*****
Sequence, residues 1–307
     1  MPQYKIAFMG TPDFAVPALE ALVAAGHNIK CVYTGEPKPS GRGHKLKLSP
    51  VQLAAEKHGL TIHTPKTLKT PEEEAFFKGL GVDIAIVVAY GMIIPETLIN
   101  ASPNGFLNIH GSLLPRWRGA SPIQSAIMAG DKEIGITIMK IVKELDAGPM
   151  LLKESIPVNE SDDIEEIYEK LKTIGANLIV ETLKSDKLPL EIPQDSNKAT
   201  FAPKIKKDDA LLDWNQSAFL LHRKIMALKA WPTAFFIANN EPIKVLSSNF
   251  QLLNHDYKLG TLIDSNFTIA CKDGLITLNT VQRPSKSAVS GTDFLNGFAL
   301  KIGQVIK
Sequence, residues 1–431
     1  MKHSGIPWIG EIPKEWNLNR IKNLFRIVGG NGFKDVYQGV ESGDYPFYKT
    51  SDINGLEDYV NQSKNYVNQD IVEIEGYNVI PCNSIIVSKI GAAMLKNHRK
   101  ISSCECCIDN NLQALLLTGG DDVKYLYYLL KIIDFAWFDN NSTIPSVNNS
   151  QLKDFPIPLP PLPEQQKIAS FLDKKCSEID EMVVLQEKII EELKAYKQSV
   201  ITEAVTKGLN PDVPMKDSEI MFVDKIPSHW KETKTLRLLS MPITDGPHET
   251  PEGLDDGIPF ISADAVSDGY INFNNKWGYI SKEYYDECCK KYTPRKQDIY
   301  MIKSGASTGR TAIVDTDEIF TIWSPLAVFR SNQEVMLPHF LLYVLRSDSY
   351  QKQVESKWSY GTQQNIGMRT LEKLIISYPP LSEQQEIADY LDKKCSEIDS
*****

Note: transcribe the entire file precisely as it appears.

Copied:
Sequence, residues 1–307
     1  MPQYKIAFMG TPDFAVPALE ALVAAGHNIK CVYTGEPKPS GRGHKLKLSP
    51  VQLAAEKHGL TIHTPKTLKT PEEEAFFKGL GVDIAIVVAY GMIIPETLIN
   101  ASPNGFLNIH GSLLPRWRGA SPIQSAIMAG DKEIGITIMK IVKELDAGPM
   151  LLKESIPVNE SDDIEEIYEK LKTIGANLIV ETLKSDKLPL EIPQDSNKAT
   201  FAPKIKKDDA LLDWNQSAFL LHRKIMALKA WPTAFFIANN EPIKVLSSNF
   251  QLLNHDYKLG TLIDSNFTIA CKDGLITLNT VQRPSKSAVS GTDFLNGFAL
   301  KIGQVIK
Sequence, residues 1–431
     1  MKHSGIPWIG EIPKEWNLNR IKNLFRIVGG NGFKDVYQGV ESGDYPFYKT
    51  SDINGLEDYV NQSKNYVNQD IVEIEGYNVI PCNSIIVSKI GAAMLKNHRK
   101  ISSCECCIDN NLQALLLTGG DDVKYLYYLL KIIDFAWFDN NSTIPSVNNS
   151  QLKDFPIPLP PLPEQQKIAS FLDKKCSEID EMVVLQEKII EELKAYKQSV
   201  ITEAVTKGLN PDVPMKDSEI MFVDKIPSHW KETKTLRLLS MPITDGPHET
   251  PEGLDDGIPF ISADAVSDGY INFNNKWGYI SKEYYDECCK KYTPRKQDIY
   301  MIKSGASTGR TAIVDTDEIF TIWSPLAVFR SNQEVMLPHF LLYVLRSDSY
   351  QKQVESKWSY GTQQNIGMRT LEKLIISYPP LSEQQEIADY LDKKCSEIDS